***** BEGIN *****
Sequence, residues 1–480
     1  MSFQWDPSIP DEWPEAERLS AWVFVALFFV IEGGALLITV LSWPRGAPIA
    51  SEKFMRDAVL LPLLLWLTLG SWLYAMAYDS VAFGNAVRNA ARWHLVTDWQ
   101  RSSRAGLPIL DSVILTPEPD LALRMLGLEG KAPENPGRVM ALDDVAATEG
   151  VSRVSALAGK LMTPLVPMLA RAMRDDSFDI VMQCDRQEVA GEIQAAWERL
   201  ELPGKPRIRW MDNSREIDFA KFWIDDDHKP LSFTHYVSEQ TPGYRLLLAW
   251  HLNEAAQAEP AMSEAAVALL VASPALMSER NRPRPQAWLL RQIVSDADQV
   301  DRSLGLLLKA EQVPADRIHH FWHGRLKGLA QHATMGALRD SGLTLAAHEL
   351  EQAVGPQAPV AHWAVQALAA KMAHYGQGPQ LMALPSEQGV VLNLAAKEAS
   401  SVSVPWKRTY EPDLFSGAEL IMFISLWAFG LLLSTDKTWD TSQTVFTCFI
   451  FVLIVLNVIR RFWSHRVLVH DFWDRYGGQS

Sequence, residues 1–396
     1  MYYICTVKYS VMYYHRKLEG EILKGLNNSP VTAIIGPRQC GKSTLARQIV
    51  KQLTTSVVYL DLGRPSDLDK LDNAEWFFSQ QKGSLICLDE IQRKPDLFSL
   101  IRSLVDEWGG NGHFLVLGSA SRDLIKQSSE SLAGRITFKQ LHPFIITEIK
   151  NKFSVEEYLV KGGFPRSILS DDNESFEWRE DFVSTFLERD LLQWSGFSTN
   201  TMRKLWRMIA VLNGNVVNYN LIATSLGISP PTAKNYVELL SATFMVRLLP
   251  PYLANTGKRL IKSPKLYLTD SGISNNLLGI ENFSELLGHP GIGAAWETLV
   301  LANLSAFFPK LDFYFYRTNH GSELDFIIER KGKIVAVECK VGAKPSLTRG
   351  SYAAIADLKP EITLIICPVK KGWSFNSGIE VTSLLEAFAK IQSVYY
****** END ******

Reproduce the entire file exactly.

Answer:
Sequence, residues 1–480
     1  MSFQWDPSIP DEWPEAERLS AWVFVALFFV IEGGALLITV LSWPRGAPIA
    51  SEKFMRDAVL LPLLLWLTLG SWLYAMAYDS VAFGNAVRNA ARWHLVTDWQ
   101  RSSRAGLPIL DSVILTPEPD LALRMLGLEG KAPENPGRVM ALDDVAATEG
   151  VSRVSALAGK LMTPLVPMLA RAMRDDSFDI VMQCDRQEVA GEIQAAWERL
   201  ELPGKPRIRW MDNSREIDFA KFWIDDDHKP LSFTHYVSEQ TPGYRLLLAW
   251  HLNEAAQAEP AMSEAAVALL VASPALMSER NRPRPQAWLL RQIVSDADQV
   301  DRSLGLLLKA EQVPADRIHH FWHGRLKGLA QHATMGALRD SGLTLAAHEL
   351  EQAVGPQAPV AHWAVQALAA KMAHYGQGPQ LMALPSEQGV VLNLAAKEAS
   401  SVSVPWKRTY EPDLFSGAEL IMFISLWAFG LLLSTDKTWD TSQTVFTCFI
   451  FVLIVLNVIR RFWSHRVLVH DFWDRYGGQS

Sequence, residues 1–396
     1  MYYICTVKYS VMYYHRKLEG EILKGLNNSP VTAIIGPRQC GKSTLARQIV
    51  KQLTTSVVYL DLGRPSDLDK LDNAEWFFSQ QKGSLICLDE IQRKPDLFSL
   101  IRSLVDEWGG NGHFLVLGSA SRDLIKQSSE SLAGRITFKQ LHPFIITEIK
   151  NKFSVEEYLV KGGFPRSILS DDNESFEWRE DFVSTFLERD LLQWSGFSTN
   201  TMRKLWRMIA VLNGNVVNYN LIATSLGISP PTAKNYVELL SATFMVRLLP
   251  PYLANTGKRL IKSPKLYLTD SGISNNLLGI ENFSELLGHP GIGAAWETLV
   301  LANLSAFFPK LDFYFYRTNH GSELDFIIER KGKIVAVECK VGAKPSLTRG
   351  SYAAIADLKP EITLIICPVK KGWSFNSGIE VTSLLEAFAK IQSVYY